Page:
Conformity to universal law in action.
Notice that in the second of the passages just quoted Kant directs attention from particular
laws of nature
to nature’s systematic regularity, or lawfulness: “lawfulness in the connection of
appearances.” By the idea of conformity to universal law in the derivation of the principle
of duty Kant does not refer to conformity to particular laws that are universally valid, as a number of critics have supposed. He
refers instead to systematic lawfulness in human action. He refers to the coherence of an action
with a system of laws regulating human conduct in general. If the action’s maxim, as a
lawlike principle, coheres with the formal requirements of such a system, then it is consistent with
duty; otherwise, the action is wrong, morally forbidden (see McCarty 2010). That is how the Kantian principle of duty follows
from the idea of actions’ conformity to universal law. In the second section of the
Groundwork we find confirmation of this point when Kant himself draws the analogy between
conformity to universal law in nature and in human action:
Since the universality of law in accordance with which effects take place
constitutes what is properly called nature in the most general sense (as regards
its form) – that is, the existence of things insofar as it is determined in accordance
with universal laws – the universal imperative of duty can also go as follows:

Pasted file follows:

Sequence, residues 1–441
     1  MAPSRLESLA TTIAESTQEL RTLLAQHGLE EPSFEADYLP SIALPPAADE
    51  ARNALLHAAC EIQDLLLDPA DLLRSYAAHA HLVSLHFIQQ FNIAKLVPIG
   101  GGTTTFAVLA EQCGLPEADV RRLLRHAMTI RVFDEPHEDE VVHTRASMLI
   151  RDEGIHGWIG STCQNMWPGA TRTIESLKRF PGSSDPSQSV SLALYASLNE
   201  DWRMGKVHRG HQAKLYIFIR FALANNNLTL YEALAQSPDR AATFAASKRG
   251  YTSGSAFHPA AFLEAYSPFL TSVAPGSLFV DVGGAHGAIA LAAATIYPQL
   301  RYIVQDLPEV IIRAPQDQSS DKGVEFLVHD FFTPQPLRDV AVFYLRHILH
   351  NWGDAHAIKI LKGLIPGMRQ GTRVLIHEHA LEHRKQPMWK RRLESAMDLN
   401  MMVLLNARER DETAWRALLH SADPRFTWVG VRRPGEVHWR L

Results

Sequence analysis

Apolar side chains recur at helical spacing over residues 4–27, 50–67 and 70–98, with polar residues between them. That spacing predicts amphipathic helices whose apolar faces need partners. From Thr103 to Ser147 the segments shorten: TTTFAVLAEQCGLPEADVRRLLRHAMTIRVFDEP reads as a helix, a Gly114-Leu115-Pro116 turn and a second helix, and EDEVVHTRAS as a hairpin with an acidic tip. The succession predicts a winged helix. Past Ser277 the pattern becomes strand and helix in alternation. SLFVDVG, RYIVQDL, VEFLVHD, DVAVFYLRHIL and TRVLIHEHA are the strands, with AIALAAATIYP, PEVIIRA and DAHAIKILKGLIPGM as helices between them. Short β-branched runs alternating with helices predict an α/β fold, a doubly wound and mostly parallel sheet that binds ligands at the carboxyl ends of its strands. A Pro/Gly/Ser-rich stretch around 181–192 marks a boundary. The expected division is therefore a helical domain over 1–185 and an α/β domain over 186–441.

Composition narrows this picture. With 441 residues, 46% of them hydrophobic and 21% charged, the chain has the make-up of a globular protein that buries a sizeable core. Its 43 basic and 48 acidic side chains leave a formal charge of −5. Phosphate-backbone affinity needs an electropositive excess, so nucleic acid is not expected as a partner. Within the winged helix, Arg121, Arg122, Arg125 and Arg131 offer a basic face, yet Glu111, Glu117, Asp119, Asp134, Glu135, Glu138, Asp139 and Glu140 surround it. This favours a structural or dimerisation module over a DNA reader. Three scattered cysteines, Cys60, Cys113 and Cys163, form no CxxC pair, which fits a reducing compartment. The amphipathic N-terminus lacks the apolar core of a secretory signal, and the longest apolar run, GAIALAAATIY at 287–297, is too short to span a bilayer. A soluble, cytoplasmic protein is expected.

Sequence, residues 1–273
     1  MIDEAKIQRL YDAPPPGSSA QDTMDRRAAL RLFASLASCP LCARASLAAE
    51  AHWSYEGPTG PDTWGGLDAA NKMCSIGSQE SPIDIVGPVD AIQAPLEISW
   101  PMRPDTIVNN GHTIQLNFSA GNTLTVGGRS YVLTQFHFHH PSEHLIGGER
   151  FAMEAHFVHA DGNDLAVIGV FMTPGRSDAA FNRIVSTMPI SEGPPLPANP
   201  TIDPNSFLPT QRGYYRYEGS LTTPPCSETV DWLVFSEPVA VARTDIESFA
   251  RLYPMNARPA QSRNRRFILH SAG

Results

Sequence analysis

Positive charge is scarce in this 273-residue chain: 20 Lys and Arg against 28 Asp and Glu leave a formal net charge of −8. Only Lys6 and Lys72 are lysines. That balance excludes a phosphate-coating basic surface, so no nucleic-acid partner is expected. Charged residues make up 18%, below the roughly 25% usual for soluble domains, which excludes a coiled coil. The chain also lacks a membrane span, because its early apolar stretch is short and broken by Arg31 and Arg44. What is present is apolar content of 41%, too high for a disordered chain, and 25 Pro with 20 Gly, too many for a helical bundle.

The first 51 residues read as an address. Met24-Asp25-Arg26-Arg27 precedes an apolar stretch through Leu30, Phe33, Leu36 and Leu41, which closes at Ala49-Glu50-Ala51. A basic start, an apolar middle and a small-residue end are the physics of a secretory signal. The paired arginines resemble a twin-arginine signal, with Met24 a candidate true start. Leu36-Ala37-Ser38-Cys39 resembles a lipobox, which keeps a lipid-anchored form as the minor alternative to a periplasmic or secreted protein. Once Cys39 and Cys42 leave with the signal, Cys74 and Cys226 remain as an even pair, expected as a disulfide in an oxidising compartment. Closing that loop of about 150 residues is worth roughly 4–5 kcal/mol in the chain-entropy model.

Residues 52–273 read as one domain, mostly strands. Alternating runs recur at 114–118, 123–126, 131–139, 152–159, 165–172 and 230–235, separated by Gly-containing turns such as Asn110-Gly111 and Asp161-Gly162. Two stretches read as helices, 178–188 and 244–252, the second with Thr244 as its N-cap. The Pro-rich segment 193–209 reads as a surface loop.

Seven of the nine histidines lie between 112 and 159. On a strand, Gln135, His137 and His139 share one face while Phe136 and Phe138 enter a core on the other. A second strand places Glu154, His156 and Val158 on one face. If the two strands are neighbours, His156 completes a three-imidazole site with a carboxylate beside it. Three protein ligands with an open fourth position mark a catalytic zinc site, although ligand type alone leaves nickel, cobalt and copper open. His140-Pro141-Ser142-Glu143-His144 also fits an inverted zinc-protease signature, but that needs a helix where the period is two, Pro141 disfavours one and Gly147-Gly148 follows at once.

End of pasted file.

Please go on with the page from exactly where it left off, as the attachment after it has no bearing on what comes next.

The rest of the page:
act as if the maxim of your action were to become by your will a universal law
of nature. (Kant 1997, 31/4:421)
This takes us next to the controversial concept of an action’s maxim:
the form of the action by which its conformity to universal law can be determined.
Aune, Bruce (1979), Kant’s Theory of Morals (Princeton, NJ: Princeton University Press).
Kant, Immanuel (1997), Groundwork of the Metaphysics of Morals, trans. Mary Gregor
(Cambridge: Cambridge University Press).
_____ (2002), Prolegomena to Any Future Metaphysics that will be Able to Come Forward
as a Science, trans. Gary Hatfield, in Theoretical Philosophy after 1781, ed.
Henry Allison and Peter Heath
(Cambridge: Cambridge University Press).
McCarty, Richard (2010), “Kant’s Derivation of the Formula of Universal Law,”
Dialogue 49: 113-33.
Ross, Sir David (1954), Kant’s Ethical Theory, A Commentary on the Grundlegung zur Metaphysik der Sitten (Oxford: Oxford University Press).
Wood, Allen W. (1999), Kant’s Ethical Though (Cambridge: Cambridge University Press).